This is an informative article advising on a simple but effective way of opening the large joints of the body
Lately I’ve come to have a whole new appreciation for my shoulder blades, and in particular, for the thick part at the very top rim.
In the past, I always imagined my shoulder blades to be light and fragile, part of a gossamer shoulder girdle meant to float on top of my ribcage.
Now I feel the tops of my shoulder blades as bones with substance, strong supports for my upper back. As long as I stay connected to them, they can help me erase the effects of sitting at a desk, and of every other front-chest collapsing activity, from cooking to driving.
Even more magically, my new shoulder blade understanding has deepened my twists, enlivened my shoulder stand, and given me a new lift of my front chest in seated pranayama.
I have Mary Lou Weprin to thank for this. Mary Lou normally teaches in Berkeley, at The Yoga Room. But early in March, she travelled north to Nanaimo, B.C., for a weekend workshop.
On Friday evening, she taught a version of Baddha Konasana (bound angle pose) that involves leaning into a dense foam brick at the wall. She told us that she teaches this pose in every class, and true to her word, we worked on it every day for the three days of the workshop.
The demonstration looked disarmingly simple and relaxing. We were, after all, sitting down. But you’ll soon what makes this a worthy Five-Minute Yoga Challenge: it takes work to press the top shoulder blades into the brick and broaden them away from your spine, while simultaneously growing wider across your collar bones.
Try it once, and you’ll feel a new openness in your upper body. Make it a daily part of your practice, and you may be surprised by where it leads you.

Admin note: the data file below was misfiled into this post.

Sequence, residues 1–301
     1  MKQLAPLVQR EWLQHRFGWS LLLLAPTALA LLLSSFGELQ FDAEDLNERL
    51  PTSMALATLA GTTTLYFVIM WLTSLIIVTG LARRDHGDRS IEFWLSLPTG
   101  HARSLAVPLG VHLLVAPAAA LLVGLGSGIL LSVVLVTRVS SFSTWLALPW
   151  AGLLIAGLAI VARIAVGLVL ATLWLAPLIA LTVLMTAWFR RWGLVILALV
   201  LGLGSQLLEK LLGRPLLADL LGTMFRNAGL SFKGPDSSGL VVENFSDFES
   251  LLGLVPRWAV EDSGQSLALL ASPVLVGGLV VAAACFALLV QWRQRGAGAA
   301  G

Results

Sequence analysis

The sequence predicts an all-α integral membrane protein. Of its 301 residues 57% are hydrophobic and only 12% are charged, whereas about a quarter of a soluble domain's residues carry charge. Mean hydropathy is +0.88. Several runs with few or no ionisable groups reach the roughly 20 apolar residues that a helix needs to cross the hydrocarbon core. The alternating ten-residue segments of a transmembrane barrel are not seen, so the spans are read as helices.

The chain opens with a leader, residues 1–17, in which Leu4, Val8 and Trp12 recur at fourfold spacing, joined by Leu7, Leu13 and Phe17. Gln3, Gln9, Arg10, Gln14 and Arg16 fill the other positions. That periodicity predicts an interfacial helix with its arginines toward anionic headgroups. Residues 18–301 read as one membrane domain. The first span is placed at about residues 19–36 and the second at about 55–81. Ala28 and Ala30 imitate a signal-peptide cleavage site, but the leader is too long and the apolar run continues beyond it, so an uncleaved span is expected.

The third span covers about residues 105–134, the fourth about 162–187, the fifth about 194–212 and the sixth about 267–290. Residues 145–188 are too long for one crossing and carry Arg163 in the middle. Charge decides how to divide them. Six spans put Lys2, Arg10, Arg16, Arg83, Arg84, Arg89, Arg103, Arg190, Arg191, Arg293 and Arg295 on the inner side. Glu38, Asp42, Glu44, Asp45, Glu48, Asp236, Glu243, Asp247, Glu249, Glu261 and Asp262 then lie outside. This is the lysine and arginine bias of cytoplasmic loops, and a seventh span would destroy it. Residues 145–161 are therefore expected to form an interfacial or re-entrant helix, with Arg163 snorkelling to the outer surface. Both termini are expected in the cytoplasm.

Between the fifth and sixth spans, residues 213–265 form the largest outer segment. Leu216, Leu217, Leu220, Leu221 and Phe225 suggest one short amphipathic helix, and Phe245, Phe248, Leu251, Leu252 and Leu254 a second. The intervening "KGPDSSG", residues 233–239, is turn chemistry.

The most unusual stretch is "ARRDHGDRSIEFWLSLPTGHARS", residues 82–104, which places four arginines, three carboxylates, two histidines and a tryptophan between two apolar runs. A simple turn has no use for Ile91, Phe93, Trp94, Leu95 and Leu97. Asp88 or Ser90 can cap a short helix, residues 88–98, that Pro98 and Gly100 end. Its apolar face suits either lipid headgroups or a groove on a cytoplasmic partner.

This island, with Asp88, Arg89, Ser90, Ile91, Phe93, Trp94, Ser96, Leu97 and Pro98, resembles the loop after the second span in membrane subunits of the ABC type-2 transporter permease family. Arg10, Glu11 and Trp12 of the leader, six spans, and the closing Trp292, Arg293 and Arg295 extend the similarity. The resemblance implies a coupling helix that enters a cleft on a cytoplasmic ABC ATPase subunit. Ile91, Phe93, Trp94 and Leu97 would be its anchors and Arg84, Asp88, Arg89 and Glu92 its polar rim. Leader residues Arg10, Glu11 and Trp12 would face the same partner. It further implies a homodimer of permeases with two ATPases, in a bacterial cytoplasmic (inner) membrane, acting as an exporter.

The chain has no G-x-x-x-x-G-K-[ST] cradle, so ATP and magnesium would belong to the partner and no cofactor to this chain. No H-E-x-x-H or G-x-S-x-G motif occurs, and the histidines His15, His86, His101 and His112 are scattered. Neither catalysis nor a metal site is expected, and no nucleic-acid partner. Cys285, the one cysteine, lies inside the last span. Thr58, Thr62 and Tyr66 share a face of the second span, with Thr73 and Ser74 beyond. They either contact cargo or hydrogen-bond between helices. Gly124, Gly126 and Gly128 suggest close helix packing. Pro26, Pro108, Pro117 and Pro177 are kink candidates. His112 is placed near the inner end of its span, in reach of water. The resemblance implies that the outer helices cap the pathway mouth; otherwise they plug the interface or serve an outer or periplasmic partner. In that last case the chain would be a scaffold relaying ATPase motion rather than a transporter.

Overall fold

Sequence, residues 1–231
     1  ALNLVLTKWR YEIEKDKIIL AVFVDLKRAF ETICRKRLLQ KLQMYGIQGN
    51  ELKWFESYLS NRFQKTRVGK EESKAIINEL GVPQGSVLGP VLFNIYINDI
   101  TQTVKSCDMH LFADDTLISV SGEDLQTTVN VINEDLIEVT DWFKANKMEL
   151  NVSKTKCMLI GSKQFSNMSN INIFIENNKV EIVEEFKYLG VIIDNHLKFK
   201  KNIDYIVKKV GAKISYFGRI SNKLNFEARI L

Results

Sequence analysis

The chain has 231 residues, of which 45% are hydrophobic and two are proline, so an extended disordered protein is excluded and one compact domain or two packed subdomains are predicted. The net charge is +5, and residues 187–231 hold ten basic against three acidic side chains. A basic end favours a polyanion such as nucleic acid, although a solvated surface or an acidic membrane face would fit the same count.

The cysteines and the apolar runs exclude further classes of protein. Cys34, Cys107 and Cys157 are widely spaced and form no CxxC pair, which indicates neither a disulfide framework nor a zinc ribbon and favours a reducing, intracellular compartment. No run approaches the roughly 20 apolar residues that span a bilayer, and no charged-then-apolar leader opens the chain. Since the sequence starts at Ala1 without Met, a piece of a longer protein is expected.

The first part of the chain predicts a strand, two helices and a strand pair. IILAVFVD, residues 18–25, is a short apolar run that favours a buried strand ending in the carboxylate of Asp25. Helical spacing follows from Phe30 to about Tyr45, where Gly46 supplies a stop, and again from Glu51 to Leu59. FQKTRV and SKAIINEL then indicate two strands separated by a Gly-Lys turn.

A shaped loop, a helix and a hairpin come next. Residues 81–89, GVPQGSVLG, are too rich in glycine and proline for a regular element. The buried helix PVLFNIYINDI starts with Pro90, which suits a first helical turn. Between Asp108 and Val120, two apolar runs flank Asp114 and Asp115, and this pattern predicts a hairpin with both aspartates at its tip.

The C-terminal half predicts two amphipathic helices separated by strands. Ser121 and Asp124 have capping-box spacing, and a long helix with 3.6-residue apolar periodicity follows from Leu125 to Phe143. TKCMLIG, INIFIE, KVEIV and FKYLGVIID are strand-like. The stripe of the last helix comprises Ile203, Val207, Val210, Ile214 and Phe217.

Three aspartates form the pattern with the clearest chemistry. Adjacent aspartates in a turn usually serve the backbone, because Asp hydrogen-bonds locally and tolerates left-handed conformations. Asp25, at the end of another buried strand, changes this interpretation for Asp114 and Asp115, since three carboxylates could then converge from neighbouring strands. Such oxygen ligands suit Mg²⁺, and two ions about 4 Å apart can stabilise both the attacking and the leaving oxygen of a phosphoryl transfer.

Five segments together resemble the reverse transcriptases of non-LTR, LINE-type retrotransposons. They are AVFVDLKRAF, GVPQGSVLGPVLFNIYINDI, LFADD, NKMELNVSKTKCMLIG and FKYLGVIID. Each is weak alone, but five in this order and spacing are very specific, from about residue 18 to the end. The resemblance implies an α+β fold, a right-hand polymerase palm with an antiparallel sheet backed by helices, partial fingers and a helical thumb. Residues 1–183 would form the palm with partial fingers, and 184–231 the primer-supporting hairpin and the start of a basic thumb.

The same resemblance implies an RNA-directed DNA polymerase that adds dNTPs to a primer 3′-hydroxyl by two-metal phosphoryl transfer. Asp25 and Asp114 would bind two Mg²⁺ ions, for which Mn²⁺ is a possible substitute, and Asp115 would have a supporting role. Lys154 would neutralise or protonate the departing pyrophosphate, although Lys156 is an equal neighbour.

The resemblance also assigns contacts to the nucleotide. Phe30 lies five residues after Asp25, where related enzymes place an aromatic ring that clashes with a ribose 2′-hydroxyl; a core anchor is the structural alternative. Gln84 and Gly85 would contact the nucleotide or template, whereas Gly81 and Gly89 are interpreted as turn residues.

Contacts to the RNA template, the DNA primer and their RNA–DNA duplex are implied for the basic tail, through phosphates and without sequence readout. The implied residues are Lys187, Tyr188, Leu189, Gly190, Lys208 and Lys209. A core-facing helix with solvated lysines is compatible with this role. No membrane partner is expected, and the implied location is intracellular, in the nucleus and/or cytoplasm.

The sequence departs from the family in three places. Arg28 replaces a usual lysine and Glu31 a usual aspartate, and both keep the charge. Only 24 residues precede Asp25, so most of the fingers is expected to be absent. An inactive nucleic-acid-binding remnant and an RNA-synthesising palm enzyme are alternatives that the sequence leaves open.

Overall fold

Sit slightly away from the wall in your own version of Baddha Konasana, (bound angle pose). (Sit so that your knees are lower than your navel when your feet are pressed together. That might mean one blanket under your buttocks, or, if your hips and inner thighs are tight, a bolster propped up on two layers of chip foams.)
Place a dense foam brick at the wall, and lean back, so the top edges of your shoulder blades come to rest on the brick.
Make sure that your shoulder blades are moving away from your ears. One way to do this is to set your shoulders as you would in Savasana: bring one hand at a time to its own shoulder, with your elbow no wider than your shoulder. Then reach your elbow up to the ceiling. You should feel your shoulder blade move down and come into a cleaner contact with the brick. If you have trouble feeling the work when you try this pose, your shoulder blades are probably rounded forward, away from the brick.
Once your shoulder blades are set, lean back into the brick. It helps to press your hands into the floor to start, both to lift your side ribcage and to press back into the brick.
Broaden the tops of your shoulder blades out to the tips of your shoulders. Then take your awareness to your front body and broaden your collarbones out to the tips of your shoulders. You should feel your front chest lifting. Check that your top buttock rolls to your mid buttock, so your lower back stays long.
You may notice that your neck feels some strain in this pose, especially after a few moments of serious effort. Try dropping your chin toward your chest. You might be surprised how close you come to the chin lock (Jalandhara Bandha) you need for seated pranayama.
You can work your legs in the pose – your inner thighs stretch toward your inner knees and your outer knees pull back toward your outer hips – but don’t lose the focus on your broadening, lifting chest.
Stay in the pose until you have a firm imprint of the brick in your upper back. Five minutes would be a good goal. Then use your hands to bring your knees back together, and come out of the pose.
You can take this imprint with you into many other poses. All you have to do is inhabit the tops of your shoulder blades, and suddenly, as though you had a new invisible friend, there’s extra freedom in your twists, and more sensitivity and broadness in your shoulder stand – in fact in all poses in which the shoulders connect with the floor.
So lean into your shoulder blades. They can take it.